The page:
My mother has half a neck (missing the right sterno-cleito-mastoid muscle). She’s quite a stunning woman, tall, shapely, and she holds herself with a certain presence. With her grace and pride and sharp intelligence, she might almost be intimidating to an insecure person who first meets her, and it’s the rare person who notices this missing body part.
She has thyroid cancer to thank for the loss.
Some days I don’t feel we’ve come too far in cancer treatment—but I must hand it to the medical community. They have definitely made some progress in treating thyroid cancer–you don’t donate half your neck to the cause of thyroid cancer wellness any more.
My guess is that you weren’t worried. Thyroid cancer isn’t big on people’s radar—probably because it’s rare compared to some of the other ‘big name’ cancers. In 2010 in the U.S., the American Thyroid Association estimated that around 45,000 people were diagnosed with thyroid cancer. Compare that to 140,000 who received a diagnosis of colon cancer, and over 200,000 patients who were diagnosed with breast cancer. Truly, it’s hard to keep up with the Joneses.
BUT. . .it is actually the fastest increasing cancer in both men and women. Everyday Health notes that it is also different from many adult cancers in that it is commonly diagnosed in younger people (although, I must interrupt here, their definition of ‘younger people’ should bring a smile; it’s coming:) almost 2 of 3 cases are found in people between the ages of 20 and (you ready for this?) 55. And although the initial statistics really look great, there is definitely cause for caution.
According to Cancer.net, five-year survival rate (the percentage of people who survive at least five years after the cancer is detected, excluding those who die from other diseases) for all stages of thyroid cancer is about 98%. For cancer that has spread to the regional lymph nodes, the five-year survival rate is 97%. However. . the five-year survival rate for cancer that has spread outside the thyroid–to other body parts–that’s a much lower 54%.
So what should we really do for thyroid cancer, and for awareness of this disease that takes a backseat to more ‘dramatic’ cancers?
Well, it’s always touching when the government tries to help.
On June 12—really—in Harrisburg, PA—the Senate President Pro Tempore (it’s crucial to have a really important sounding name), one Joe Scarnati, a Republican—sponsored a resolution designating September 2012 as “Thyroid Cancer Month” in Pennsylvania.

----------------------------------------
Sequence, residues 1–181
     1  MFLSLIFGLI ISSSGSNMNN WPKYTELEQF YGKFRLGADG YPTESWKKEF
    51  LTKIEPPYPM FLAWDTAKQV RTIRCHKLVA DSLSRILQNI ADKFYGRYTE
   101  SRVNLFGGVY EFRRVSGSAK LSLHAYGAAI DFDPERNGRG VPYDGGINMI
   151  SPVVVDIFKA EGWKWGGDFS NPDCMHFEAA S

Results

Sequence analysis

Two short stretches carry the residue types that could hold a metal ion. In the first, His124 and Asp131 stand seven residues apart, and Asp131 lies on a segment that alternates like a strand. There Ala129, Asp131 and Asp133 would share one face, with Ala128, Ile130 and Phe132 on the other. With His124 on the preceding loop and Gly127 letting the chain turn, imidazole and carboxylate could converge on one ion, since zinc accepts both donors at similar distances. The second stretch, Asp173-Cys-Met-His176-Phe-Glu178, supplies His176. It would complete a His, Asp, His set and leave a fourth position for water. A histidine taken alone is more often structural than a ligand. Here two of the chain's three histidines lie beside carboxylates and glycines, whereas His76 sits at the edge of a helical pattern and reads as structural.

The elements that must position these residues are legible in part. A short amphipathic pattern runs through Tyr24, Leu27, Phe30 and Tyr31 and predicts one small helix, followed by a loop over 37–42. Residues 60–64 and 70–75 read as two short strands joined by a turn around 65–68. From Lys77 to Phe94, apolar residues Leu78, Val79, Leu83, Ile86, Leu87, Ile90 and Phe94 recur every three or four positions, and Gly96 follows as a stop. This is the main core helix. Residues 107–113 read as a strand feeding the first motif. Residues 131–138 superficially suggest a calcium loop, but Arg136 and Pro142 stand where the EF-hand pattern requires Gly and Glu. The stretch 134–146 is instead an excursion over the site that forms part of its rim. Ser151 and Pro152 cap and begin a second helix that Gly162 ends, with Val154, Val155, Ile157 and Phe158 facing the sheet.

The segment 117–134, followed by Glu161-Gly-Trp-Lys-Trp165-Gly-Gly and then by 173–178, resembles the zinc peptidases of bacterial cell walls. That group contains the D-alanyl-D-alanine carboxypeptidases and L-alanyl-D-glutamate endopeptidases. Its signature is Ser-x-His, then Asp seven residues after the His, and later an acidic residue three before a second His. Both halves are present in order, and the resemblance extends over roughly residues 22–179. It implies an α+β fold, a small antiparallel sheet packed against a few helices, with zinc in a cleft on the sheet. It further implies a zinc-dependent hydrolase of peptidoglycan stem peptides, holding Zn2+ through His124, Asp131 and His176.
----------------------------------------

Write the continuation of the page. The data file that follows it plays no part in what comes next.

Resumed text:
Yes, it’s true that for years people had been working on thyroid awareness—and in that self-same month—but now we have a resolution, or at least Pennsylvanians do—adopted unanimously.
While it’s true that you could say, “too little, too late,” you could just as easily say, “the more the merrier,”
Now—there’s the bad news and the good news about treatment, depending on how you feel about body parts coming and going. Really, once you’re diagnosed with thyroid cancer, something’s going to go. One of the more common treatments does indeed involve removing things–but, called a thyroidectomy, docs stick to removing the thyroid gland. If you’ve potentially got some metastasis, or the doctor aims big, he may also remove lymph nodes in the neck, in order to check them for cancer cells.
Now, I don’t want anyone to be disappointed, but, bad as this may sound, no doctor today treats a young woman’s thyroid cancer by cutting out the major muscles. If that’s what you’d always hoped for, I’d consider looking into underdeveloped countries for treatment. My mother got what I assume was standard of care for the 1960s—although they sure took a whole lot of extra stuff. Extreme caution, I guess.
Anyway, back to the month. Thyroid Cancer Awareness Month–which is actually observed world-wide–began at the initiation of ThyCa: (Thyroid Cancer Survivors’ Association) in 2000 as a week, in 2003 it grew to a whole month. And their page, “September Is Thyroid Cancer Awareness Month Free Materials Available Year-Round,” is really where you want to be if you want to do something–or just learn something–in honor of Thyroid Cancer Awareness month.
From the Top 10 Things to Know About Thyroid Cancer (more than 2/3 of people with thyroid cancer are women) to the article New Thyroid Cancer Diagnoses Will Set Record High Total in 2013 to lists of support groups, the site has just about everything you need to raise your own awareness–and to equip yourself to help raise others’.